Our founder and director recently had the opportunity to share at TEDx Flour City 2014. We were very excited to be able to speak directly to Rochester's invested community members, as well as the TED community. Andre's talk is now available online for convenient viewing! Shareable.net also wrote an article about Andre's talk; in it Cat Johnson says:
Primus sees the sharing economy as a way to increase the quality of life for people, regardless of income, through bikesharing and carsharing, farmshares, coworking, community gardens, intentional communities and more. In his TEDx talk, he points out that through sharing books, clothing, knowledge and more we can forge communities.
Primus has an enthusiasm for creating positive change that's contagious. Mira Luna, Shareable’s organizing director, says when she met him and learned that he wanted to quit his job and be a full-time organizer for the sharing economy in Rochester, she was struck by his passion and potential.
“I realized we really need to support people like Andre who have so much passion, determination and talent to help solve the world's problems,” she says, “and keep them from being herded into meaningless jobs at best. Our small part in that was to make Andre a Sharing Cities Fellow.”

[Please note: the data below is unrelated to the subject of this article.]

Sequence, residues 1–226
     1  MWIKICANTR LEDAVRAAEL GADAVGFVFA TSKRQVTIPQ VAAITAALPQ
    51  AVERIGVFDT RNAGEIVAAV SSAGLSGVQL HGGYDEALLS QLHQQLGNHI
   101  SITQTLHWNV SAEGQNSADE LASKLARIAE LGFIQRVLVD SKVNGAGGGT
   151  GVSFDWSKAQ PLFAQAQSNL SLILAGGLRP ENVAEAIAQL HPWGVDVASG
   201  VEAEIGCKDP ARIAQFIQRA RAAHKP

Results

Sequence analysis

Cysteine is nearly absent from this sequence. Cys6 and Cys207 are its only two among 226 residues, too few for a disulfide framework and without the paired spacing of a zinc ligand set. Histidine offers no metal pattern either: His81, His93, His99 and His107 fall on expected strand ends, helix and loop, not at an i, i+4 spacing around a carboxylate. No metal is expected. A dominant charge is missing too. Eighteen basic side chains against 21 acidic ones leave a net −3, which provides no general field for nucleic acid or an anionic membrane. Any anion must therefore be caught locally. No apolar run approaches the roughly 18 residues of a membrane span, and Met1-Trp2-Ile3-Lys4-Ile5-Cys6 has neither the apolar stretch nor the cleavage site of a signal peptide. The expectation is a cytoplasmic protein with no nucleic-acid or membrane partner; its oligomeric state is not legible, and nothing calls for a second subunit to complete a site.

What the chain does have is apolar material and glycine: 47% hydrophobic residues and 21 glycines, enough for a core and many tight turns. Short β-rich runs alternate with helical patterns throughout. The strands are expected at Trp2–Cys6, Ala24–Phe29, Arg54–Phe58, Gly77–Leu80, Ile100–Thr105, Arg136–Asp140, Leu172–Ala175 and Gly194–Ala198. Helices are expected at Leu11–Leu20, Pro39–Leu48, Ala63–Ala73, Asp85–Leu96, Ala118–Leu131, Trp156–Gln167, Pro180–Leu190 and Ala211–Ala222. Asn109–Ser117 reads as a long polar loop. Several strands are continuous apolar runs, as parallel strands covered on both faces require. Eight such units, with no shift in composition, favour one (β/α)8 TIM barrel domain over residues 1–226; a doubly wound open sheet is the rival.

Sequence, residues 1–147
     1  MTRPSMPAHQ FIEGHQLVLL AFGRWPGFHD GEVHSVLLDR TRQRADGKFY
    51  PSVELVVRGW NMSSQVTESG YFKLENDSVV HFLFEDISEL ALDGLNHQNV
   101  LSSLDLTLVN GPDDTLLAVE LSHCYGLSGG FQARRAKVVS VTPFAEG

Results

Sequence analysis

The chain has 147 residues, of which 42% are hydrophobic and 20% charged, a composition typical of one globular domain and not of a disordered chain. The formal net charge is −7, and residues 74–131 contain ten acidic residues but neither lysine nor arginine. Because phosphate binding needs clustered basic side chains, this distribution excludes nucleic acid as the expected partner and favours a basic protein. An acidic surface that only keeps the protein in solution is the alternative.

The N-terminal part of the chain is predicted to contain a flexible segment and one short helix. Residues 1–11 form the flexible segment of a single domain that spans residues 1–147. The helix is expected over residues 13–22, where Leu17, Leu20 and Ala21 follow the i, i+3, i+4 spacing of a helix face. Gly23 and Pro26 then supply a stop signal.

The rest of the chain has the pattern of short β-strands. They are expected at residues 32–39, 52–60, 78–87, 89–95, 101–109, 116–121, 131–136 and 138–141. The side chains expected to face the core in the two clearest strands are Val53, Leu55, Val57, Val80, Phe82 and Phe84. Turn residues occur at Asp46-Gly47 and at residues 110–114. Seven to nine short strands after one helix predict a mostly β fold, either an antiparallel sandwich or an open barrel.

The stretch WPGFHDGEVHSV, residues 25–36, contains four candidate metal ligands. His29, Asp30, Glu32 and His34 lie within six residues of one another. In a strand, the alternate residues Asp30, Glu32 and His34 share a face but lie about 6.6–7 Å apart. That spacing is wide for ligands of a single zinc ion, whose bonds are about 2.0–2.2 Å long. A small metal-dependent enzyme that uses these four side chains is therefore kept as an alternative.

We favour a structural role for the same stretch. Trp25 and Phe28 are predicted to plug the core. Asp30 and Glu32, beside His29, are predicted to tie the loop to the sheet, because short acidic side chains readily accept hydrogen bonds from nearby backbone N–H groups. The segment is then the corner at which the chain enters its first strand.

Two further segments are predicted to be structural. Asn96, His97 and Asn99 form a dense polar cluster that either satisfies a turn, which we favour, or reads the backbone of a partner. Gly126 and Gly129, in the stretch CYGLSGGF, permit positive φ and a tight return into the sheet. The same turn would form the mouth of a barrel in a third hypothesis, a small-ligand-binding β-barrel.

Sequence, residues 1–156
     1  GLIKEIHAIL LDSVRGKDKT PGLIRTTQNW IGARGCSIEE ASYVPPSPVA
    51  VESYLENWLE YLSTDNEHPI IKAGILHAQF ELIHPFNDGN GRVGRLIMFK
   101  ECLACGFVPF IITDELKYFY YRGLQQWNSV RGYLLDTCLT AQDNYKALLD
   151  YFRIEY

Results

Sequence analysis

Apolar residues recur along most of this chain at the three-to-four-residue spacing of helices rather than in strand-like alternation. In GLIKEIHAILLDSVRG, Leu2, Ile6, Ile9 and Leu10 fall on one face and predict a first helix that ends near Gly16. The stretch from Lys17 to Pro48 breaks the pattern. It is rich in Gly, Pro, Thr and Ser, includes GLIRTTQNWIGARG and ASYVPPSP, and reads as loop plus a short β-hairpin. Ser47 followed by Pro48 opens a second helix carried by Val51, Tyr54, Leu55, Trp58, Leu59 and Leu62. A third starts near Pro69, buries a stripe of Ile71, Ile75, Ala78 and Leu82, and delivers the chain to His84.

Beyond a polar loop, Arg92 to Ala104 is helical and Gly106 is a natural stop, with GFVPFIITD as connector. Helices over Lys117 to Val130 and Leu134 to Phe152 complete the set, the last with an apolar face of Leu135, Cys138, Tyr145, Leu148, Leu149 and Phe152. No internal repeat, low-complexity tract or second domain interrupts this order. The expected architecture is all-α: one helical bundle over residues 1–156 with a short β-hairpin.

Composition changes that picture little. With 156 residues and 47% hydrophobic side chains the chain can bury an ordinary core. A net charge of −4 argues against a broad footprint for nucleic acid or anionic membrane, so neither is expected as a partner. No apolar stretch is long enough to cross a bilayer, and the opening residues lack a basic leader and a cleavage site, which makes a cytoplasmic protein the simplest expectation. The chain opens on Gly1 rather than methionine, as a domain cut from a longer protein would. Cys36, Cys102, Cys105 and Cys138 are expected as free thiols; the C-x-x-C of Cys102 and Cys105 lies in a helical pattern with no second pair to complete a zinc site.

Shareable.net interviewed Andre about the ideas that he expressed in his talk, as well as about his experience being part of Shareable's Sharing Cities Network. When asked to elaborate on his ideas about how generosity is an important piece of the sharing economy, Andre says,
When you live in a culture of generosity, you know that you can rely on the generosity of others. That knowledge allows you to feel free to take the financial risk of giving extravagantly because you know your community will be there for you. But most of us live in a culture of self-focus and prideful independence. If you want to change the culture, you need to take the risk of practicing what you preach, of taking the leap that inspires your community to build the safety net.
Andre also talks about his hopes for Rochester and the sharing economy, saying,
My big picture vision is that most people will have most of their needs met by their community in an ecologically and socially sustainable way, and that sharing will become a cultural norm rather than being a government program or a business model.
You can read more about RocShare's director here.